What Does It Mean To “Settle” A Workers’ Compensation Case?

A settlement is a private agreement between two parties in a legal action where one party agrees to end the legal proceedings in exchange for something, usually money.  In the Workers’ Compensation context this is a called a “section 32 agreement.”  In a section 32 agreement the injured worker agrees to close their workers’ compensation case, releasing the carrier from their responsibility to pay on-going weekly benefits and medical expenses, in exchange for a lump sum of money.  This money represents both the value of the on-going benefit and, usually, the cost of on-going medical treatment.  It is therefore very important that a claimant seeking a section 32 agreement have a good understanding of what kind of medical treatment they will need going forward because, by accepting a cash settlement, they are agreeing to close their workers’ compensation case forever, even if they need surgery in the future.

But What If I have Medicare?  Will Medicare Cover My Treatment After My Settlement?

If you will need on-going treatment of your workers’ compensation injury after you settle your case, and the total value of your settlement is greater than $25,000, then you may need to make a “Medicare Set-Aside” arrangement (sometimes called an “MSA”).  An MSA is an account into which the workers’ compensation carrier deposits a certain amount of money from your settlement to be used exclusively for medical treatment of your workers’ compensation injury (for things like prescription drugs, surgery, rehabilitation and other medical treatment).  Once that money is exhausted, then Medicare will begin to pay for treatment of your on-the-job injury the same way they do any other kind of injury or illness.  Be careful though.  Medicare doesn’t cover all your related medical expenses like workers’ compensation does.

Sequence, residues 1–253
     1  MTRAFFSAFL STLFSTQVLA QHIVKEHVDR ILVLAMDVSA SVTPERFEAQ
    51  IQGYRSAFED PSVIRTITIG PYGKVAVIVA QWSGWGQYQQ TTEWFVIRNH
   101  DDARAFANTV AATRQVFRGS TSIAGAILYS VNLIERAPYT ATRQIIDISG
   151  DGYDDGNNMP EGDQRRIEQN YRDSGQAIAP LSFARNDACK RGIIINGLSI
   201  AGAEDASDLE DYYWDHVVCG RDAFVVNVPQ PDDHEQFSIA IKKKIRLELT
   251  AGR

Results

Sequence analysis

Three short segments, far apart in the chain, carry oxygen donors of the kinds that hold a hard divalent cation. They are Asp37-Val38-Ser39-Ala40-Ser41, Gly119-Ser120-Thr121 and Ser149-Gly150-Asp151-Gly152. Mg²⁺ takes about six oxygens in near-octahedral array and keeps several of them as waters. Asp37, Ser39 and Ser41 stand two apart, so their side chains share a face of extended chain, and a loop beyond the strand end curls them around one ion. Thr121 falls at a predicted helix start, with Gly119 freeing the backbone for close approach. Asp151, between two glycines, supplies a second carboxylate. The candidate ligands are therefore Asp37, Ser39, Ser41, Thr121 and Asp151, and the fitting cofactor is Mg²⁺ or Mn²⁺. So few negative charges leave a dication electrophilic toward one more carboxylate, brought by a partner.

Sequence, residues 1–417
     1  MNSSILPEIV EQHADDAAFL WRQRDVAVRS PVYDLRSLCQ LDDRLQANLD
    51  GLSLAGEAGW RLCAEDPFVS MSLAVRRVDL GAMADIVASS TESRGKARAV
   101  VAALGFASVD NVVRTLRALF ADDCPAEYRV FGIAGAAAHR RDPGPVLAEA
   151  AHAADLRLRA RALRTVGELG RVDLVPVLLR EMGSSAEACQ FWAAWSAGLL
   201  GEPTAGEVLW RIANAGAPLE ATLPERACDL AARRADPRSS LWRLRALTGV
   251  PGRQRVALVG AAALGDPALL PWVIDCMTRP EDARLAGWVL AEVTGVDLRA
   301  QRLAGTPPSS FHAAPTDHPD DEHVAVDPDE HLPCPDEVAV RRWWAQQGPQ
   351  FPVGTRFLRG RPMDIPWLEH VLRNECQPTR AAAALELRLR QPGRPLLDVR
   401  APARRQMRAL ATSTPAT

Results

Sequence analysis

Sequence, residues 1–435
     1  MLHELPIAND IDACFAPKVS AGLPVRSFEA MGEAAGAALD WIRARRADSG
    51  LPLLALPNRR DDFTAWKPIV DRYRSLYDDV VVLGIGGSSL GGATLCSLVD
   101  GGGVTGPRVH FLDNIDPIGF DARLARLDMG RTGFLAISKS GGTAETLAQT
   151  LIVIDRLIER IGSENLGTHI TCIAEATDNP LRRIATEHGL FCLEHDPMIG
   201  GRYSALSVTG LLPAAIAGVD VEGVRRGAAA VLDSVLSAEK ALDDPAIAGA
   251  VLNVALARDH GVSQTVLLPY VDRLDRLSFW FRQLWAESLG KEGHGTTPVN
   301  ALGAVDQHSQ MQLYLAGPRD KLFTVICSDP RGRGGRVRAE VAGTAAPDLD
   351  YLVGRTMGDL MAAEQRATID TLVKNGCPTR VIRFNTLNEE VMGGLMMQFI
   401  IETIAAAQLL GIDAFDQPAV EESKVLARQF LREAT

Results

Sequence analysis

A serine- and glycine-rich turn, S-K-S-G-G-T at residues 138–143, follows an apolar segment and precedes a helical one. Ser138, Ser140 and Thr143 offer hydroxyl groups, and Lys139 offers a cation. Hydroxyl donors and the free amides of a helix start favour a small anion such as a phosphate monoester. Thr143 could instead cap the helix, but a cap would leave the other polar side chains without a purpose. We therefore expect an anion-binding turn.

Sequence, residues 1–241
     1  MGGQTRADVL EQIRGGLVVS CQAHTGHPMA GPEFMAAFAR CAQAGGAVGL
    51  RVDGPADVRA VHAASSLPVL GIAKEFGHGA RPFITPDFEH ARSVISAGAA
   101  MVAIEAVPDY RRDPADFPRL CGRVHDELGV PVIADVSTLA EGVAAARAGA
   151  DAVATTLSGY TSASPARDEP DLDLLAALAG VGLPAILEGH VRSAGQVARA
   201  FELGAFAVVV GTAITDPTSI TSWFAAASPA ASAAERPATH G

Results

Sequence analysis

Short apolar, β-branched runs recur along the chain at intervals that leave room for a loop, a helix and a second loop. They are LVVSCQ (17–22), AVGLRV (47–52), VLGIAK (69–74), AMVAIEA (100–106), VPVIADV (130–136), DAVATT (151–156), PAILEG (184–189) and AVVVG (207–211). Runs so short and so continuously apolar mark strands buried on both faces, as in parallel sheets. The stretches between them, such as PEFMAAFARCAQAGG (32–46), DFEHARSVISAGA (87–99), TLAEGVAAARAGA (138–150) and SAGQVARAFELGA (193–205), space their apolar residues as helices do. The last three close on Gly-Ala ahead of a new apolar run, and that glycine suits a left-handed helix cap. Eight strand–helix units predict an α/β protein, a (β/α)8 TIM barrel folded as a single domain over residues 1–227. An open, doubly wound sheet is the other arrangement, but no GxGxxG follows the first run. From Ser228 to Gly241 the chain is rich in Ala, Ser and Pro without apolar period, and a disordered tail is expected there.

For example, let’s say Jim injures his back on the job.  After a year or so, Jim applies for social security disability and gets approved.  The next year he becomes Medicare eligible.  Eventually, he decides to try and settle his workers’ compensation case.  His case is submitted to the Center for Medicare and Medicaid Services (CMS) to evaluate the expected cost of his future medical treatment.  CMS wants to know how much they could be on the hook for if workers’ compensation stops covering Jim’s back treatment after his settlement.  CMS estimates Jim will need $25,000 of future care, including another surgery, some MRIs, physical therapy, prescription drugs and other related treatment.  Jim’s attorney negotiates a settlement with the workers’ compensation carrier for $75,000: $25,000 goes into an MSA fund for his future medical treatment and $50,000 goes to Jim as upfront, lump sum payment of the workers’ compensation benefits that would otherwise be owed to him overtime.  Jim then uses the $25,000 in his MSA account for surgery and the subsequent hospital stay and rehabilitation.  His care ends up costing $30,000. Assuming  Jim can then show Medicare proof that he used the $25,000 to pay for his back treatment, Medicare will then pick up the rest of the bill and all future expenses related to his back injury.

If you have a workers’ compensation claim and are interested in settling it for a lump sum, call Segar & Sciortino to discuss your options.